Most Prevalent Component — Kaleidescape
If a manufacturer was giving a video demo, then it was almost always using a Kaleidescape Terra server and Strato movie player. I think Kaleidescape had product in nearly 20 booths, and the underlying message was, “No matter what audio or video system you are using, if you want the best experience, you need to begin with the best source component,” and that’s where Kaleidescape fits in. With its customizable scripts that can string demo scenes together for easy playback, it was also the perfect source provider for quick, fast, and repeatable demos.
Most Demo’d Content — Top Gun: Maverick
Prior to Expo, I always try to guess what will be the demo clips used at the show, and Maverick was certainly way up on my list, and that proved to be the de facto clip used. With companies using three different demo scenes from the film, I can’t tell you exactly how many times I saw it, but it was a lot. But you know what? I still love this movie and would happily watch it again! I’ll be your wingman any day, Mav!
Honorable Mention — The Greatest Showman “Never Enough.” Despite what the clip might be called, I have actually had enough. And who would have thought that after three years this would still be one of the most demo’d clips?! I guess at least it’s not “In the Shallows” (which I did see once).
Most Up-and-Coming — Micro LED Video Walls
CEDIA isn’t really a “video” show, but if anyone is going to be selling and installing ultra-high-end Micro LED video walls, it’s going to be the CI channel. While still carrying premium price tags, this technology is starting to be more widely developed, and this year I saw displays from LG, Samsung, Sony, Planar, Digital Projection, Quantum Media Systems, C SEED, and Stealth Acoustics. And as technology continues to develop and advance, we’ll undoubtedly see these displays continue improving in performance while lowering in price.
Honorable Mention — Ultra-short-throw projectors. These were popping up in more and more booths, though I’m still not convinced they are ready for primetime, living room TV replacements, but they offer another flexible install solution for someone interested in a big screen experience.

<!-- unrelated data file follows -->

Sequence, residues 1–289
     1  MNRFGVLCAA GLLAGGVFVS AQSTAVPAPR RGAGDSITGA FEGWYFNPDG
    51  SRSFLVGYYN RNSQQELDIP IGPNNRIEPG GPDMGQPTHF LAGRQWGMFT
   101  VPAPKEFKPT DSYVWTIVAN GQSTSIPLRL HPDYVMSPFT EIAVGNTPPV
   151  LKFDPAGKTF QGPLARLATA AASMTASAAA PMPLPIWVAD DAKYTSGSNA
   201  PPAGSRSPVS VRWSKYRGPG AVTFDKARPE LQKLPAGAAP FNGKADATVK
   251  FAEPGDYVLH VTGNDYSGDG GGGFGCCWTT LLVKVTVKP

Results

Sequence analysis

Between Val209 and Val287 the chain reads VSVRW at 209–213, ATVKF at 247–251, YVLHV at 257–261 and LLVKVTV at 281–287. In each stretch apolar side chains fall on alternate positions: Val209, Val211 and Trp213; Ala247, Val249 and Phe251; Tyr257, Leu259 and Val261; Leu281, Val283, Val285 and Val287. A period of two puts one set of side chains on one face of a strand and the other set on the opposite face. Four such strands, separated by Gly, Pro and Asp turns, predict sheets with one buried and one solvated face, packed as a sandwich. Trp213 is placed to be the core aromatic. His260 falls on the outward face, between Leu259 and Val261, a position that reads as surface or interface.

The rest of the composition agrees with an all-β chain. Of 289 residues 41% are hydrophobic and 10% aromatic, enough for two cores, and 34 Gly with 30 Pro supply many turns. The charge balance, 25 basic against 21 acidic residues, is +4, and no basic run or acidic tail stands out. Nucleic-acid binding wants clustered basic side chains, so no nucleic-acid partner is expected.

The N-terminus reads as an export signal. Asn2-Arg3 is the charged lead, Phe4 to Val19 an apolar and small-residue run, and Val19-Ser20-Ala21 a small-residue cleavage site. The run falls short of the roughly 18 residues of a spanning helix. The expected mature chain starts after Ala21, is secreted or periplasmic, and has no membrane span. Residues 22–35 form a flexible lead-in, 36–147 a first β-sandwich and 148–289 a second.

Newest Thing — PoE++
While I’m familiar with PoE and PoE+, the guys at Lithe Audio introduced me to PoE++, which is able to handle up to 90 watts of power over an Ethernet cable. Lithe can use this to power its 60-watt in-ceiling speakers, but I had literally never heard of PoE++ before. (Apparently, there is also some question over where low-voltage contractors will even be able to pull this wire because it is now considered “high voltage” in some areas.) Either way, put this on your radar because it looks like it will be coming, and you’ll need to plan on the infrastructure to support it.
Honorable Mention — Matter. Another new one to me, Matter is an upcoming smart home connectivity standard that is touted to be supported by all the major providers — Google, Apple, Samsung, and Amazon — which aims to ease connectivity and interpretability across disparate devices and platforms. But will it actually…matter?
Most Disappointing — Covid
Maybe not too surprising, but there were some cases of people coming down with Covid at the show, or testing positive shortly after getting back. While this is probably inevitable for any large gathering for the foreseeable future, it’s still a bummer, but hopefully everyone got home safe and any cases were minor.
(dis)Honorable mention — The “Press Lounge.” In the past, the press had a great private and quiet room that was well-staffed with materials, including computers, printers, coffee, snacks, notepads, and press releases. Oh, and it had internet access. So, you know, we could post our stories. This year, the “Lounge” consisted of a curtained-off area and some high-top tables and chairs. No printers. And, even worse, no internet. After some complaints, Emerald did bring in some coffee, water, and snacks, but by then no one cared.